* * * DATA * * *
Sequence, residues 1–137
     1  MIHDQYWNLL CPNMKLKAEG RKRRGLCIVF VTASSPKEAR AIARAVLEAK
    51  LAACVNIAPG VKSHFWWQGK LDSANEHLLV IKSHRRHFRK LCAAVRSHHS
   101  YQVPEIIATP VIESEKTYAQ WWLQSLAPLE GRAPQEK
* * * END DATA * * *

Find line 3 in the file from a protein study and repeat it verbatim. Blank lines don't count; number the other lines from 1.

    51  LAACVNIAPG VKSHFWWQGK LDSANEHLLV IKSHRRHFRK LCAAVRSHHS